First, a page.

Why is my dog afraid of everything?

Why is my dog afraid of everything

It is wrong to think that fear is a problem of a cowardly dog with a weak nervous system that cannot be corrected. All phobias can be corrected with patience and persistence. The task of the owner is to help his four-legged friend to overcome his fearfulness.

Factors and causes of fear

Dogs can be frightened by a variety of phenomena. The most common fears are:

  • Unfamiliar people;
  • Loneliness;
  • Thunderstorms, fireworks, and similar loud noises;
  • Other dogs or even cats;
  • Going outdoors;
  • Cars;
  • Water, etc.

A phobia never arises on its own: it is usually rooted in a negative experience the animal has had. If a dog is afraid of people, it is likely that it has once been hurt by an angry person. Separation anxiety develops because the pet has received less attention.

Often problems are provoked by mistakes in training and education. A prime example: the puppy ignores the command “Come here!” for a long time, and when he finally approaches, the owner punishes him for disobedience. From a human point of view, the cause-and-effect relationship is obvious, but the dog is not able to build such logical chains. It feels like it is being punished for doing the command correctly. As a result, the animal, subjected to frequent punishments and not understanding their cause, becomes intimidated and prone to psychosis.

How does fear manifest itself?

Many of the signs of fright are easy to see: the dog trembles, growls, runs away and hides. But some are not so obvious. When a pet is frightened, he may:

  • Mess up things, make a mess;
  • Go to the house to make small or big feces;
  • Lose his appetite;
  • He may not sleep well;
  • Vomiting and excessive salivation;
  • Catch his tail;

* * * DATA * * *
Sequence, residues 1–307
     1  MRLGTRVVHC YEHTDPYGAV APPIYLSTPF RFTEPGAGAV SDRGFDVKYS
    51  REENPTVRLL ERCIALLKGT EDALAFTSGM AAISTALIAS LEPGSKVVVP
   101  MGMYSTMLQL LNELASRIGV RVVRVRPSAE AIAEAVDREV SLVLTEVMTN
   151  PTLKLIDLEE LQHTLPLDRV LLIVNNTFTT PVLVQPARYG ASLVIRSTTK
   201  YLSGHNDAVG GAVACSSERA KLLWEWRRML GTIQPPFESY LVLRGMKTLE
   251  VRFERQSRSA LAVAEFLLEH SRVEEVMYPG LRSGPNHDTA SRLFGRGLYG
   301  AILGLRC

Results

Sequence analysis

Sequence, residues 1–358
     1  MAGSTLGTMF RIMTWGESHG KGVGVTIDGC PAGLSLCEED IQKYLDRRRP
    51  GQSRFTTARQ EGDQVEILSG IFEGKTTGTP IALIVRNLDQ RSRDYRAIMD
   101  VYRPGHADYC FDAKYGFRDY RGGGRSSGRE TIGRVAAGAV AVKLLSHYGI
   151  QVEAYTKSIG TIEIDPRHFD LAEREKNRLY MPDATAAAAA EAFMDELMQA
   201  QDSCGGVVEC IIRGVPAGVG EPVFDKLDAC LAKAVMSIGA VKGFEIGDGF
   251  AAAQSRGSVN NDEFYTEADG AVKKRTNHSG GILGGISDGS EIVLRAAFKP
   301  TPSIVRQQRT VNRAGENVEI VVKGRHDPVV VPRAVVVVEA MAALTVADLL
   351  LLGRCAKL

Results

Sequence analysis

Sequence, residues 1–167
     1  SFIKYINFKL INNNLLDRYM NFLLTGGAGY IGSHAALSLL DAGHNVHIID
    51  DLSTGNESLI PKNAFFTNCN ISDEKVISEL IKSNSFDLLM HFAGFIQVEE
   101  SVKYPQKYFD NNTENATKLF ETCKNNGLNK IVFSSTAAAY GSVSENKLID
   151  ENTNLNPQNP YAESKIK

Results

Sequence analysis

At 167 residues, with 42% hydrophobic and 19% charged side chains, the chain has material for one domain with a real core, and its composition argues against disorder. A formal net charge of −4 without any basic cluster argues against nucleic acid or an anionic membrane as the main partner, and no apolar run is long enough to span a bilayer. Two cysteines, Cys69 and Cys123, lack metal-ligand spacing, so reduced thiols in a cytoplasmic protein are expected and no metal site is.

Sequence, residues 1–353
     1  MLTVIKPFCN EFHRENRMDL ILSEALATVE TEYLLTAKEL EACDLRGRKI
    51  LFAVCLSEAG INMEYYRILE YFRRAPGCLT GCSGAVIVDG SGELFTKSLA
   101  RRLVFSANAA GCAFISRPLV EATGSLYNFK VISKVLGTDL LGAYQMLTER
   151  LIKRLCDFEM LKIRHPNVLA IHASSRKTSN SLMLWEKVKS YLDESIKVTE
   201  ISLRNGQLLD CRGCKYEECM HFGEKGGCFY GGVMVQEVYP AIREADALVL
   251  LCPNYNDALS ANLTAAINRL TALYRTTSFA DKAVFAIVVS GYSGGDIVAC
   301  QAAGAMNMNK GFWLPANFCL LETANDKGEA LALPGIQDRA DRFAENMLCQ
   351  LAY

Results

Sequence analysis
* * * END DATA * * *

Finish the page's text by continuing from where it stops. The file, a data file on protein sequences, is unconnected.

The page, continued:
• Lick his paws until he has wounds or dermatitis;
  • Constantly scratching and biting out non-existent fleas.

Behavioral correction

Psychological problems are much easier to prevent than to correct later. Therefore, it is important to help with puppy socialization from an early age, so that he grows up to be calm, balanced, and confident.

If the appearance of compulsive phobia is still not prevented, the algorithm of action is about the same, regardless of the factor of fear.

Eliminate or at least minimize situations in which the dog is frightened.

Do not try to fight fear with punishments and prohibitions.

Ignore any displays of fear. During anxiety attacks communicate exactly as you normally would. If the situation occurred during a walk, keep moving, as if nothing happened.

Distract your pet’s attention from the fear factor with simple, familiar commands, such as “Sit!”

Always reward your dog with a treat or favorite food if he behaves normally in a situation that would normally cause him fear.

It also never hurts to see an experienced handler or trainer – professionals can help you properly socialize your dog or correct behavioral problems that are already present.

Autumn Jolley
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